Laura: [00:10:34] I wake up in the morning at 5:00 a.m. or 5:30 I check my email. I sort my inbox. I mean I've been doing that for years so I knew that my customer avatar or people that I wanted to attract really primarily gather their information sorted their inboxes subscribe to things you know.
Laura: [00:10:53] And I remember people telling me like OK so you're capturing their email and now what? And I'm like oh my gosh, that's my opportunity to build a relationship with these people via email every single week via newsletter.
Laura: [00:11:07] So that's, you met me four years ago. You know probably a few years in speaking about how to create that newsletter that people would want to open and read. So I had already been doing that for about four years.
Laura: [00:11:21] I've been sending out a newsletter on Sunday nights at 8:00 p.m. Central for the last seven years now.
Jillian: [00:11:30] Yes. In fact you opened my eyes to email marketing, email funnels and I was blown away when you talked about it, because it was so intentional. And it was so not spammy. It was going to provide value.
Jillian: [00:11:47] And if you like it buy my product. If you don't just come along for the ride.
Laura: [00:11:52] Totally and that's what you want. You know you want to build a relationship that people see you as a resource a trustworthy person.Your customers need to see you as a resource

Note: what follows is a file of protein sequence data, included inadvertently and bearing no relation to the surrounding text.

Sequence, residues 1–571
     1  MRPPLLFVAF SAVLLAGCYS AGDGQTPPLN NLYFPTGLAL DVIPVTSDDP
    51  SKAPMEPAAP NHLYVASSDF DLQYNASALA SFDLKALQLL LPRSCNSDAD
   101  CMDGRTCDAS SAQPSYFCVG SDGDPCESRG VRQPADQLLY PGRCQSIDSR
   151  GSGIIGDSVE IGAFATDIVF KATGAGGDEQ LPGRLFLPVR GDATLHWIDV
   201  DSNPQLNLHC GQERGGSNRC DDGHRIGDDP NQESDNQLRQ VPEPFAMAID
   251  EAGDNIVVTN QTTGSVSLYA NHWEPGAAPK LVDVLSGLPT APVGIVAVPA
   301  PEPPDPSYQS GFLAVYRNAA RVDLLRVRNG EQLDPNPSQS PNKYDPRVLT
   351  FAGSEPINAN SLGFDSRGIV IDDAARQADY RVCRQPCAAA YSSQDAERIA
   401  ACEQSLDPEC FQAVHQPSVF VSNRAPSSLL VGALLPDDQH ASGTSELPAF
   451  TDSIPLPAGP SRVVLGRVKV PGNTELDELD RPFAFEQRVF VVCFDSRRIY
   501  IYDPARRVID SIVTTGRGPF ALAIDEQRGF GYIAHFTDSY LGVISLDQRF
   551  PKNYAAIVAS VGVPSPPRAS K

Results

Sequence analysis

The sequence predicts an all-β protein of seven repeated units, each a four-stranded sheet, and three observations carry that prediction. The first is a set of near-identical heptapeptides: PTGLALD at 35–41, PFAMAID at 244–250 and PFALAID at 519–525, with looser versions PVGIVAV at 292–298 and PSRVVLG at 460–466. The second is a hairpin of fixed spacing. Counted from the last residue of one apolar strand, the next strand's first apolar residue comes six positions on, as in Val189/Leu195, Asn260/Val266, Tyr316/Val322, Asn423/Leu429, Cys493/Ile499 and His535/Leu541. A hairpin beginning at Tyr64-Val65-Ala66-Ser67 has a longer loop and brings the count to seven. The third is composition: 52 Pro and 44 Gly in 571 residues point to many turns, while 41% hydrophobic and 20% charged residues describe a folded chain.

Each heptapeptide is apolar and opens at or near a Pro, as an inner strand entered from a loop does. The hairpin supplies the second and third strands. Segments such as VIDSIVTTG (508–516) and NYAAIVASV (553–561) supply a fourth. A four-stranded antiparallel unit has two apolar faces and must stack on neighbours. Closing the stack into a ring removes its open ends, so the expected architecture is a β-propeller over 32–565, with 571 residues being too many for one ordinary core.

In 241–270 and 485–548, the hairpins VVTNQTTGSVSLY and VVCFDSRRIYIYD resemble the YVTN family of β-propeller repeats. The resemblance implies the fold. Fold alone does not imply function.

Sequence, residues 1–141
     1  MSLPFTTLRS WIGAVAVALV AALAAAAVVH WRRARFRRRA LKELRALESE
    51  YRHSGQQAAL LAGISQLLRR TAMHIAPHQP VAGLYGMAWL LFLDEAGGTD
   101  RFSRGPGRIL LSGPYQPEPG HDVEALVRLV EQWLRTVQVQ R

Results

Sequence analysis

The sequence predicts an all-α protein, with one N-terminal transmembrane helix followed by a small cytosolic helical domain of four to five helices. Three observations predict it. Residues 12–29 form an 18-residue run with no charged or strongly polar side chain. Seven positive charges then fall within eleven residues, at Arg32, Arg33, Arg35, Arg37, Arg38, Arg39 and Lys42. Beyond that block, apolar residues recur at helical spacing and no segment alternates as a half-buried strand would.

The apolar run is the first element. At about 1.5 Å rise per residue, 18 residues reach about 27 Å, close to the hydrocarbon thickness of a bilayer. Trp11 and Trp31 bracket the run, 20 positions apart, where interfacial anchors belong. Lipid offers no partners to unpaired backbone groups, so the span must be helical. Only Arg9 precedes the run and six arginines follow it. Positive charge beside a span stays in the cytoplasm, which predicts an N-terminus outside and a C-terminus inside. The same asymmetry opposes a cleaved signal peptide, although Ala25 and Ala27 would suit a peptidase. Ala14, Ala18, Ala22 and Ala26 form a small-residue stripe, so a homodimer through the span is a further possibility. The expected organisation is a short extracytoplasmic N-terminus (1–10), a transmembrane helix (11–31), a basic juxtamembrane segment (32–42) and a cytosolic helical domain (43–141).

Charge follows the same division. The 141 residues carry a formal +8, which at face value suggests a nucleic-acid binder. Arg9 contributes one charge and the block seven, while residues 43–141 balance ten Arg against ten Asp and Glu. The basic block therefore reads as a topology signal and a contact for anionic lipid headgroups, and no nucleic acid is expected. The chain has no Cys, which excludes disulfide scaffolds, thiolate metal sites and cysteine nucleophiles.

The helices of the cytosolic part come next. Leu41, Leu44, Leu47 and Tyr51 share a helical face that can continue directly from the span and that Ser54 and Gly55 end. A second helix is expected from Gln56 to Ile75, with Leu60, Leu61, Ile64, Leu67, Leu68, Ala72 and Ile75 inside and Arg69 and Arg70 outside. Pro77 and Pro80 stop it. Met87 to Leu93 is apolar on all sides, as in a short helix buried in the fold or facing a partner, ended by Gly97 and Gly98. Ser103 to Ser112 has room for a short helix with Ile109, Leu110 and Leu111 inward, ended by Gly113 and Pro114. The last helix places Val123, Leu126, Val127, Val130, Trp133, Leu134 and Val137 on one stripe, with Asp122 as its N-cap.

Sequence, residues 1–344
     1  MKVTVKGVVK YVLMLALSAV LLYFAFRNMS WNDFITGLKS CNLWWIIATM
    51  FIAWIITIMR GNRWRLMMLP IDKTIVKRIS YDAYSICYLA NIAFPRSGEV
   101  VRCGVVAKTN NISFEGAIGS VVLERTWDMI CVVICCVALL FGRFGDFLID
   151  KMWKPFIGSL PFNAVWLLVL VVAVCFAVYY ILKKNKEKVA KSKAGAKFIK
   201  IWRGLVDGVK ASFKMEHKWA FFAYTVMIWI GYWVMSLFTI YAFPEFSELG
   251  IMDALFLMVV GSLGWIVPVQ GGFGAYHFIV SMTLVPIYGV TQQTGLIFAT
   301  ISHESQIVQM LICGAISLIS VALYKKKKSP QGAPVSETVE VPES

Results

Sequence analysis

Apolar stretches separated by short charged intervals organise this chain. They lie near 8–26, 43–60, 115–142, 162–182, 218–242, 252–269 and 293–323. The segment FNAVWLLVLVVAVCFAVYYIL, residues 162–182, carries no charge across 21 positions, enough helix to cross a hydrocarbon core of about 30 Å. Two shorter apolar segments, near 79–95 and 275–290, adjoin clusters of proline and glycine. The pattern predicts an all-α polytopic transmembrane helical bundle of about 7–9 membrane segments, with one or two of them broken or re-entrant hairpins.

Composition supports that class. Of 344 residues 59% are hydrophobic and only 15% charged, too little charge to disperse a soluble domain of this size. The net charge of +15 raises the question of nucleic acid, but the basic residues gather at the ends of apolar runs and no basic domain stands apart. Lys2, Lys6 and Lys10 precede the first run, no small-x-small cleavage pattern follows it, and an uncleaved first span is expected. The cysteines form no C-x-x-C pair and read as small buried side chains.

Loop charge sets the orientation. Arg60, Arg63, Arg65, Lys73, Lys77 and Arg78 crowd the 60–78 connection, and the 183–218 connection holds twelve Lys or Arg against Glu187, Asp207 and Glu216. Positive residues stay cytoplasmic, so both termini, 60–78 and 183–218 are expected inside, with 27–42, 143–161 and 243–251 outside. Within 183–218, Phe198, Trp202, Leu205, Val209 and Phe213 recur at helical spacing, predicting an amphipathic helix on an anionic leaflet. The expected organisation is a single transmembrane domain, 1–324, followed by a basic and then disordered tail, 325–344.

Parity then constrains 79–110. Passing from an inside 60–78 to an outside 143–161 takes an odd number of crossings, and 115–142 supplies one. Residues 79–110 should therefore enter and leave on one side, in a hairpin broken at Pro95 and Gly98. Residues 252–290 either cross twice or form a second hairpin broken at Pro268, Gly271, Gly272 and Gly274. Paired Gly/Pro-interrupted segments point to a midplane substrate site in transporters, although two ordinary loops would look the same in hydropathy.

Laura: [00:12:03] And sometimes they're not buyers. I have customers who I've had on my list for like five or six years when they just had babies and they wanted to eat healthier themselves, and now their kids five years later are going to school and now they're buying my meal plans.
Laura: [00:12:16] Right. So it's really not about that instant sale. I would rather have a community of engaged people that are like-minded. That also finds the rest of my content that I produce that it's free helpful and they're going to share that online with their network and therefore attract other parents who might be at the right time to purchase my meal plans or any of my other programs.
Jillian: [00:12:42] So in your newsletter what do you write every week?
Laura: [00:12:47] So in my newsletter I write a personal story about my life. The person that I am, what happened that week, my traveling, How did I pull it together to jump on a plane and still left my family with food. You know it's basically an email from me to a friend.
Laura: [00:13:10] And I literally write an email I know it goes out to thousands of people but I imagine that I'm just writing to one person.
Jillian: [00:13:34] Oooh. yes. And do you always put a recipe in your newsletter?
Laura: [00:13:43] So I do it a bit differently now that I used to but my newsletter is built around the new content of the week. So whatever items were published Monday through Friday that week go in my newsletter.
Jillian: [00:13:56] Okay. And one thing we haven't touched on is you create amazing video.
Laura: [00:14:01] I love video production.
Jillian: [00:14:05] Yeah, and like you have your own studio that you built. And you like you have this amazing process where you like have a team come in and shoot a bunch of video a bunch of recipes, and this is how you also work with brands. Right. Which is you'll create video for brands.
Jillian: [00:14:22] We'll come back to to your newsletter and to your email strategy. But could you just quickly talk about that. Like how many videos a week are you making?